A few weeks back I was speaking with a colleague who expressed challenges with some applications she had. Her frustration was that this legacy application was not scalable, and it was this way because of change management. I admit at first when I heard legacy app and issues my mind was drifting a bit. But when they said it was the fault of the Change Manager my ears perked up a bit.
“I’ll bite, what did the Change Manager do? I asked, even if I was a bit skeptical.
The background was this…
It turns out that the original component of the application was built in house to allow the warehouse manager to report on performance metrics and then take that data to schedule the next weeks forecasted staffing requirements. Sounds simple enough, right? As things tend to do there was a requirements change as the organization grew. The Warehouse Manager (WM) no longer was going to shoulder the responsibilities of metrics and scheduling. It was put onto 2 leads, one for each. We’ll call them Metrics Lead (ML) and Schedule Lead (SL). After the two were shown what to do they were off until….
The Warehouse bought a nice new off the shelf inventory tool. The salesman, who worked the room like a Kennedy, sold them on the idea that without cost they could have a tie in for the Scheduling and later maybe something for Metrics. Things were working fairly smoothly at first. There were a few hiccups but for the most part the scheduling was well driven from the output inventory app provided. After several months ML approached SL to see about tying in all 3. They contacted the vendor and an integration point was established. There was only one challenge; they required a manual intervention for information to be dumped from the Scheduling files to the Metrics files each day. An automated solution could be created but the professional services associated with this was determined “not worth it” from the business perspective. Without this file dump the piece count for each warehouse employee would not be accurate. It also included a file for cases which were returned to the warehouse in error
There was a downturn in the economy and WM had to let go of middle management (SL and ML) while he didn’t want to lose them, he was assured that the suite of applications would help him to cover the function (he once did by himself) quite well. There was nothing physically documented about how the applications worked together, and in his “brain dump” was explained that these files should be moved each day.
The application was still pretty solid for a few more months. It was at this point that the VP of the company decided to have a “pay by performance” initiative. This was not formally discussed with any IT stakeholders.
“We have a tool that tells us how many cases each staff selects a day, and we can incent them on their performance” There was quite the buzz on this.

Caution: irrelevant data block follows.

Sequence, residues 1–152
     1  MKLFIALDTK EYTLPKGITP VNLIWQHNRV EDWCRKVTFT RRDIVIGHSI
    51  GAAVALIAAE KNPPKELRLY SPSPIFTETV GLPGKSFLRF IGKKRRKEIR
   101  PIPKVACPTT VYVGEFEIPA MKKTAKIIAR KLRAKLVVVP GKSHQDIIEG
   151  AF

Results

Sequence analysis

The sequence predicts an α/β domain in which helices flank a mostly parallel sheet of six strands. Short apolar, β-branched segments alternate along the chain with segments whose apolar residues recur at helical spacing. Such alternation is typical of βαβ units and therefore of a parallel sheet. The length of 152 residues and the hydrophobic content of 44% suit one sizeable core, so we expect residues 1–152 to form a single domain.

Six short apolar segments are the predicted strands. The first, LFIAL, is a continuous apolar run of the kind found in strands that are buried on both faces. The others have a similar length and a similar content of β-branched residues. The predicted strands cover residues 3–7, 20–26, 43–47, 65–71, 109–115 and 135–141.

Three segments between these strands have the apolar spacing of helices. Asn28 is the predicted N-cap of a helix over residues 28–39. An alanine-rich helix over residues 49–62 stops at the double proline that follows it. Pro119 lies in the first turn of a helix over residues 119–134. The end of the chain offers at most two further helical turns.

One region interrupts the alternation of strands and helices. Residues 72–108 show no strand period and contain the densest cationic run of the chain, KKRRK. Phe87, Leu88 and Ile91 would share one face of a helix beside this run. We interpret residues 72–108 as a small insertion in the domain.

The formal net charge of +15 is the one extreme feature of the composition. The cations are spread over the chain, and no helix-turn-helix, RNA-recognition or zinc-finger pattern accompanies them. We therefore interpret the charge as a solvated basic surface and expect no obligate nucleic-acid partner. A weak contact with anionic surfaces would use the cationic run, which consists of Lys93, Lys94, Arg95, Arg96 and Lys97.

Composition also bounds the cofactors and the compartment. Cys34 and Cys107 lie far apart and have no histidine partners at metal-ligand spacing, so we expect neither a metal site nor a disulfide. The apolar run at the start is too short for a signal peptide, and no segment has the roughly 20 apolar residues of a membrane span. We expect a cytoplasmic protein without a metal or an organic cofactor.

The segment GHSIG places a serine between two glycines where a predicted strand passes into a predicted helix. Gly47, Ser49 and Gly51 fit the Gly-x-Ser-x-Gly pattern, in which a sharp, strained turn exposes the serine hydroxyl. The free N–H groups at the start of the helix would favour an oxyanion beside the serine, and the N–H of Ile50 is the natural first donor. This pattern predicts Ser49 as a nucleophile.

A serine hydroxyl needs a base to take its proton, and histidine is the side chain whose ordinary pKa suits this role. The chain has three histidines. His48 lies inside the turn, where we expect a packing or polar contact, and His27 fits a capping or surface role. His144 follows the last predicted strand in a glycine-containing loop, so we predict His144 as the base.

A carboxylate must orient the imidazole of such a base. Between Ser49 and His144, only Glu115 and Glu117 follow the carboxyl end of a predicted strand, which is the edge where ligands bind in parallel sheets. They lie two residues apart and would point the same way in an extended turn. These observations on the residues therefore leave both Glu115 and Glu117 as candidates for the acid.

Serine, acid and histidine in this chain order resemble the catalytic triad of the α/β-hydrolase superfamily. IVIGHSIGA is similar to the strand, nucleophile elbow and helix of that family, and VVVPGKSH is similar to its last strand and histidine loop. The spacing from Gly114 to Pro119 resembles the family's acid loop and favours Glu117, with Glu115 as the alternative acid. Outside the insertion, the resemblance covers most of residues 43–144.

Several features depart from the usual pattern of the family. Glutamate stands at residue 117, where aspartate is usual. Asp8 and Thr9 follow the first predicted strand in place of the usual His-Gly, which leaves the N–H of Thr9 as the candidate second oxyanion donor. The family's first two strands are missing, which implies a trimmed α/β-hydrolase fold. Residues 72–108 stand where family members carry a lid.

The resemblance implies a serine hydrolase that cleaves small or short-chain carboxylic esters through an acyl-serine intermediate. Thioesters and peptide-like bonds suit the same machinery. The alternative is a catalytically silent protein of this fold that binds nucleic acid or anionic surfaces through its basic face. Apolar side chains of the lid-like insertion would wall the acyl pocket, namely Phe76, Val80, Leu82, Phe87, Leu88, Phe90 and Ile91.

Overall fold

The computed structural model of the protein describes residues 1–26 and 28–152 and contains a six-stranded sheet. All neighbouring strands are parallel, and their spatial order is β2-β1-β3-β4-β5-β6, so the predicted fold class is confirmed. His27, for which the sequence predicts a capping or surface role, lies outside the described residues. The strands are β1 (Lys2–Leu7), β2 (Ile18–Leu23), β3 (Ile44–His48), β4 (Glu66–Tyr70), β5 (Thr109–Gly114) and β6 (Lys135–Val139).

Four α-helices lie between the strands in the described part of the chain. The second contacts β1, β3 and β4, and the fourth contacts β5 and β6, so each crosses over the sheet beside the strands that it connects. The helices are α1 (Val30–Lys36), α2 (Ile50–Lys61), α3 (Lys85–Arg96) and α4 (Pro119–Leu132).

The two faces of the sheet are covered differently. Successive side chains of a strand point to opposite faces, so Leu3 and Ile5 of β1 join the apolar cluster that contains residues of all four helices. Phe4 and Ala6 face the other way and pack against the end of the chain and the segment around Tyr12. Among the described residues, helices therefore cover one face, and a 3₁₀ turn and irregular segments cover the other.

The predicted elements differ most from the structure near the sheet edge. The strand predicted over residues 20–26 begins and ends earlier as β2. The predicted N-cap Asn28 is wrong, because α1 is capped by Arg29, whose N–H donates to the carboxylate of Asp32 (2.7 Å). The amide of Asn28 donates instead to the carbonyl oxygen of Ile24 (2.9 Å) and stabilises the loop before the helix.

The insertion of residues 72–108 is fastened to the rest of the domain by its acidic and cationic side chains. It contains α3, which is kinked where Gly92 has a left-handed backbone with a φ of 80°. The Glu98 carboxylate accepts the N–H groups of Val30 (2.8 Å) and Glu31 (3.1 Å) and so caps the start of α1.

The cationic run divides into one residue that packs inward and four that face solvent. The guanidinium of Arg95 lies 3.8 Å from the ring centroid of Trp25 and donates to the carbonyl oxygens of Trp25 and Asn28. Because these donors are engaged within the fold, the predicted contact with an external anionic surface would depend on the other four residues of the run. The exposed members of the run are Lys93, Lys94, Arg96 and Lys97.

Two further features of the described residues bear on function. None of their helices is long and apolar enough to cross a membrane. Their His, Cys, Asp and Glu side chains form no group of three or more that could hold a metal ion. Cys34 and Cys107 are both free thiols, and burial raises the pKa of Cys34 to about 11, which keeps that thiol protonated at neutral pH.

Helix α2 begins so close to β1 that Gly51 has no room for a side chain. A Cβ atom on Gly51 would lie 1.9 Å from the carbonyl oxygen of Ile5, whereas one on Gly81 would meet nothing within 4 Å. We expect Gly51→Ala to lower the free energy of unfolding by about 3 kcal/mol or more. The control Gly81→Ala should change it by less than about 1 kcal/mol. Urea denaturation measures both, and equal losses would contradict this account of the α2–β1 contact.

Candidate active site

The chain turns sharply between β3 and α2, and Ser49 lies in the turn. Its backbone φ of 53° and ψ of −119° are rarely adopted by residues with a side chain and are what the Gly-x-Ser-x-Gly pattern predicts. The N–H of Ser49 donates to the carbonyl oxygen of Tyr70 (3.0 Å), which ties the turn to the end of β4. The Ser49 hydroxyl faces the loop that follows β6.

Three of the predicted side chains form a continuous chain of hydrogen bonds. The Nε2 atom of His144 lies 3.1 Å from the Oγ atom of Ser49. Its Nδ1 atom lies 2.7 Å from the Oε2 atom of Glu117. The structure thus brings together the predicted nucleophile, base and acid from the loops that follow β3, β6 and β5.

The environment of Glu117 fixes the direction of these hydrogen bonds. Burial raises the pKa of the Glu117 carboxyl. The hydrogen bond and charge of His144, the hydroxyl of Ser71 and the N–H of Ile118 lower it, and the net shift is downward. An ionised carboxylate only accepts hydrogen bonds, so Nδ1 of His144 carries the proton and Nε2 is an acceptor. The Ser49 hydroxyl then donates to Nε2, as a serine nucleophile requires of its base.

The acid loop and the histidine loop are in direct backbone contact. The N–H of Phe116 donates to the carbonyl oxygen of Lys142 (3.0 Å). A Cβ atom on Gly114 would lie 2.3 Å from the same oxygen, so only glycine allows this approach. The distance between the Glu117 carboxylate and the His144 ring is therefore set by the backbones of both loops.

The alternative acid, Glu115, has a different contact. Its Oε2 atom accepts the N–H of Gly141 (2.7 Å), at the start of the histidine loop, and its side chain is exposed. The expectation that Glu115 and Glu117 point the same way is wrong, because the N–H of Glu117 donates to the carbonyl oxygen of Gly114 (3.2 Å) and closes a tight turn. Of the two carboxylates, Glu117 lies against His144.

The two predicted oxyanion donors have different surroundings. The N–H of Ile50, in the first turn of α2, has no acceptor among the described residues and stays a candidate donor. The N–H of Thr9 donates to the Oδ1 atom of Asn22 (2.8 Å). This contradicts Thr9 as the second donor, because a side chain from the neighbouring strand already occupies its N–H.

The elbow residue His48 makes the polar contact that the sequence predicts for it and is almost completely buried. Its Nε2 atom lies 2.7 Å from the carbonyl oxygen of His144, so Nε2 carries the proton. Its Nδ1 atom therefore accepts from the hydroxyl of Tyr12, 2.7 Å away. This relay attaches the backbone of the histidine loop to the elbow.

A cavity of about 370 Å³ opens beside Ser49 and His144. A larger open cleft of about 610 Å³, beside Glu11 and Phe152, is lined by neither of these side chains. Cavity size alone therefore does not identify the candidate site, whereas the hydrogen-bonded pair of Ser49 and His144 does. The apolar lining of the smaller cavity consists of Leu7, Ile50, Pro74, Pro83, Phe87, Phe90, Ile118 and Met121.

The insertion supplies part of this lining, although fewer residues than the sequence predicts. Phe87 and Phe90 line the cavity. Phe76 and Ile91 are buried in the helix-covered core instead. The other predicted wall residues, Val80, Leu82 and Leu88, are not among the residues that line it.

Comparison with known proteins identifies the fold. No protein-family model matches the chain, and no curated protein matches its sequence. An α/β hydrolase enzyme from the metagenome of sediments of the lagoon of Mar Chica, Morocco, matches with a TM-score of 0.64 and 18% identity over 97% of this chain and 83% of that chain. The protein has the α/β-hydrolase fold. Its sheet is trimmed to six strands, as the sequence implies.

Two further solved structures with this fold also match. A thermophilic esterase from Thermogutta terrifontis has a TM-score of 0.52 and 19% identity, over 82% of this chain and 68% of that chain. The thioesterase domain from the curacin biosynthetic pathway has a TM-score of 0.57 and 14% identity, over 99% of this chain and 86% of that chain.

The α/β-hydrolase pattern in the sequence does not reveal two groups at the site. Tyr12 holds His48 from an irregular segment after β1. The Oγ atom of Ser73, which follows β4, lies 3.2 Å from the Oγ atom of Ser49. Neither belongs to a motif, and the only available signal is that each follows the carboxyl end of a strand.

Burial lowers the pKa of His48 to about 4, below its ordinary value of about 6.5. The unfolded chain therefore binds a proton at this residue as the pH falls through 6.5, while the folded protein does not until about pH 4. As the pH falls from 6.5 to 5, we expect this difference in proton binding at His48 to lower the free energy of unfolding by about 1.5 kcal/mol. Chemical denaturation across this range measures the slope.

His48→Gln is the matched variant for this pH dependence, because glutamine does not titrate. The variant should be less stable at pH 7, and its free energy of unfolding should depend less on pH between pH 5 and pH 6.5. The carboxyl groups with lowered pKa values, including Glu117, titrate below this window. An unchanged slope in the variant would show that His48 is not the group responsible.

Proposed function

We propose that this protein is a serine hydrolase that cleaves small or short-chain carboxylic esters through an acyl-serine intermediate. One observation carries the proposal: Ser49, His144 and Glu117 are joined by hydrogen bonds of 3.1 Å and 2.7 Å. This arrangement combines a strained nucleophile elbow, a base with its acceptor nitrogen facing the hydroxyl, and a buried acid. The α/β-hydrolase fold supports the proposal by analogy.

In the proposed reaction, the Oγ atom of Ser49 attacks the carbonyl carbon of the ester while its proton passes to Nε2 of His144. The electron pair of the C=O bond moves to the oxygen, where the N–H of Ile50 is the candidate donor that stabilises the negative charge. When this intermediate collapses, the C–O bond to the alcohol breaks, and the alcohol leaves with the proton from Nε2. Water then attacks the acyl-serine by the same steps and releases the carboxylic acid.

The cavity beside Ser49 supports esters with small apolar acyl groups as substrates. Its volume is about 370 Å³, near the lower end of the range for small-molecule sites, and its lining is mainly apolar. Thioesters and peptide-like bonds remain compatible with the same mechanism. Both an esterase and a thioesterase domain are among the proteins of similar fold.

The company was quite large now and the application was starting to have some challenges with the file capacity during the transfer during the day. A change was created to automate the file transfers to the inventory application at night. There was only one challenge. The returns file could not be automated due to other process constraints
…see, it’s the Change Managers fault…she said. I was a bit puzzled. “It was because of them that the process had to change and then the pay for performance wasn’t accurate, the warehouse workers were not getting paid properly. “
I could see where she of any of the stakeholders in her company would get that. To me It looked like there was a gap in the review of this change. What was missed for sure was:
· The lack of knowledge captured about the application and how it works (and integrates with other components) – Knowledge Management is important
· That the business drove this decision, risks should have been discussed and had sign off before proceeding. Did they know what they were approving?
· A risk mitigation plan should have been included outlining what to do should issues arise.
· An understanding that this process at its core was a workaround.
The company had to terminate the pay for performance program. Despite its potential, the organization was not in a position to leverage its data to accurately pay staff on the information captured
What was learned?
· There was not a project to implement this Pay for Performance. Simply the change. many important requirements were missed
· Had the architecture, process and limitations of the tool be documented they may have been in a better position to discuss what the tool was actually capable of
· That while this change did not go as planned, it does not fall solely on the change manager, and there were several stakeholders who were not aware of the challenges associated with this tool and allowed this to proceed.
· That this shortcoming should be documented, did I mention Knowledge Management
· That a workaround, like a bandage can sting if it gets ripped off before its time
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